Do you struggle with speed on long putts? A Top 100 Teacher explains how to dial in your distance control
Even if you spend ample time practicing your putting, it can still be difficult to hone in your speed on long lags. Twenty-footers are one thing, but what do you do when you’re faced with a putt of 40+ feet? A three-putt may seem inevitable, but it doesn’t have to be!
At GOLF’s recent Top 100 Teacher Summit at Pinehurst, Top 100 Teacher Kellie Stenzel shared one of her favorite lag-putting drills with me, and this one is tailored to dialing in your distance control.
In short, if you tend to struggle with hitting the ball too hard or too soft on long putts, one way to increase your consistency is to systematically calibrate your backstroke length to the putt distance required.
“You can make it as super-simple or as complex as you want,” Stenzel said. The real key is making it personal to your game.
For most people, taking one “big” step equates to about three feet. On the practice green, drop a few balls and experiment with how big a backstroke you need to hit a putt hard enough to go three feet.
“Ask yourself: How big of a backstroke do you need for one step, two steps, five steps, ten steps?” Stenzel said. “You can walk off your putt to study the break, and be counting steps in the meantime.”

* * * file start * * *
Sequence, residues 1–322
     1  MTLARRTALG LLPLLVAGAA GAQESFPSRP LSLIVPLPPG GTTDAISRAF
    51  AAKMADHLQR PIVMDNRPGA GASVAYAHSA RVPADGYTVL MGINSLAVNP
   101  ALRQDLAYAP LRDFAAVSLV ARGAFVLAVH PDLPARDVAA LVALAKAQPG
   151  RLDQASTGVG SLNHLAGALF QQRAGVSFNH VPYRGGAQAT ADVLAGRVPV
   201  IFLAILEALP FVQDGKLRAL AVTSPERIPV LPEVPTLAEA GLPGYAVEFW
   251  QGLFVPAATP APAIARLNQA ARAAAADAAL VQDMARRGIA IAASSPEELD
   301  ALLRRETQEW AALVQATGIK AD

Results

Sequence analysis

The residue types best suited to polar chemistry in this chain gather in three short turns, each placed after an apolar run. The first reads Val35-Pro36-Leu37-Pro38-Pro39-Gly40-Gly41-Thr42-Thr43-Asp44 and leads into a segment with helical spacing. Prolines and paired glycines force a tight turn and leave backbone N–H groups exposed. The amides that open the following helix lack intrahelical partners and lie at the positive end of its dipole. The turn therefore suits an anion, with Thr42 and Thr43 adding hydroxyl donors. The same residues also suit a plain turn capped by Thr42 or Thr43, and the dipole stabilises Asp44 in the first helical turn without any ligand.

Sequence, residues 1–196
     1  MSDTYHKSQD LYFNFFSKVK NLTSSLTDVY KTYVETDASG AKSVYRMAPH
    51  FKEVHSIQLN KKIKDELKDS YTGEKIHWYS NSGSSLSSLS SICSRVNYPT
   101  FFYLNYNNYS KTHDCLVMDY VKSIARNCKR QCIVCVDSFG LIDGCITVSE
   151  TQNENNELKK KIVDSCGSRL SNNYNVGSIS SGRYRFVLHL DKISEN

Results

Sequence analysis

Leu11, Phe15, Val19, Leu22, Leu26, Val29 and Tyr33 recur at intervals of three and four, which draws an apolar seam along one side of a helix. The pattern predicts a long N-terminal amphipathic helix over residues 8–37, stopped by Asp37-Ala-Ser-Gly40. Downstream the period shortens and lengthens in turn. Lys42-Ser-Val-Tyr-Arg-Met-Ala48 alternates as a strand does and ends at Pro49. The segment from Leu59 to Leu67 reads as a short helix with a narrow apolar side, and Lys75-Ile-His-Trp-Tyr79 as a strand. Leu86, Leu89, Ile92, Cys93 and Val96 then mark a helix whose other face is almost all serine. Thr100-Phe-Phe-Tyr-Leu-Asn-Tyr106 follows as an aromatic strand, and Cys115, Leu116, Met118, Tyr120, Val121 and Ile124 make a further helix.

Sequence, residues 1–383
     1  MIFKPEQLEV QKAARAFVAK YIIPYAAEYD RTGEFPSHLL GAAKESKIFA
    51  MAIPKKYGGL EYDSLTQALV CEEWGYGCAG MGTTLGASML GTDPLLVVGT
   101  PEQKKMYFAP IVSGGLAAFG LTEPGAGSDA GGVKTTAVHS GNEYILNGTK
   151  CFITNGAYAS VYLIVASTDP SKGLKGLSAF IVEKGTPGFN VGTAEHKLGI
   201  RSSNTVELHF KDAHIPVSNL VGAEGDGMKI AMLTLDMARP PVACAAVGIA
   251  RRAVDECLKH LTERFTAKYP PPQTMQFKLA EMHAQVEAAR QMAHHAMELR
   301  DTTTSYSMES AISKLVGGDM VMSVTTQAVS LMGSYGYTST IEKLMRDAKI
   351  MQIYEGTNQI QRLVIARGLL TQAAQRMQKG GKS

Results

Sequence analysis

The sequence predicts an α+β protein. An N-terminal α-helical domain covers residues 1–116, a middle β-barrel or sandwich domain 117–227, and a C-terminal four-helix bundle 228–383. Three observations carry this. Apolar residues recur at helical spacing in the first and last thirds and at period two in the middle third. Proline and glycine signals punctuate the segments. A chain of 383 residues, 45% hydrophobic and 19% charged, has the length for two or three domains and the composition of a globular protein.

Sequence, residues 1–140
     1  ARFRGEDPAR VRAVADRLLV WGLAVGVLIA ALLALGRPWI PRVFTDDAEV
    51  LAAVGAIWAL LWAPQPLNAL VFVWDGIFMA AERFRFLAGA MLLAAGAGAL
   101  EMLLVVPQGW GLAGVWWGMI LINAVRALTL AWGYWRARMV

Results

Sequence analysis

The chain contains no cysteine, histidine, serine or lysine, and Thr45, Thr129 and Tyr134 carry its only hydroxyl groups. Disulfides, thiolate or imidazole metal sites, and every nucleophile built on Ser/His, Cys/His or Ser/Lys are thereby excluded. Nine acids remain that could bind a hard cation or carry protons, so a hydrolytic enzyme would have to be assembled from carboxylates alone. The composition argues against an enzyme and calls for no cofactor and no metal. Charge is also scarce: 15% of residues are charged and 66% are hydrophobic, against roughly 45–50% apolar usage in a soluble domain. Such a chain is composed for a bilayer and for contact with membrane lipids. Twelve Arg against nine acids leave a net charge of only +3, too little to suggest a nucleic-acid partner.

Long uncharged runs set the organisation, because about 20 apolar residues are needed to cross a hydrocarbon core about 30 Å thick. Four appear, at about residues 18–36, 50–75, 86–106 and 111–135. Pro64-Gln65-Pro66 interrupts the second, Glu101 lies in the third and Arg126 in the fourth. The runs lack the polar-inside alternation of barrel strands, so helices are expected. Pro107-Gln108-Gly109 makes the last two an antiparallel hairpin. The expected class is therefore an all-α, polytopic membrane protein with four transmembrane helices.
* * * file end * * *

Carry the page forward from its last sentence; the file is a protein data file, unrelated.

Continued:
Stenzel said that the step method works for some, but can be inconsistent for others. If you find yourself in the latter camp, Stenzel suggests equating every inch of your backstroke to three feet of putt. So a nine-step putt means you need a nine-inch backstroke.
If you have trouble visualizing the backstroke length, bring a metal yardstick to your next putting practice session so you can experience what those inches feel like in real life.
The beauty of this method, Stenzel said, is that the roll the putt calls for is built into the stroke. A small stroke for short putts will naturally produce a softer roll, while the opposite is true for longer putts.
Give it a try, and enjoy your newfound consistency!
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For more golf tips from Kellie Stenzel, click here.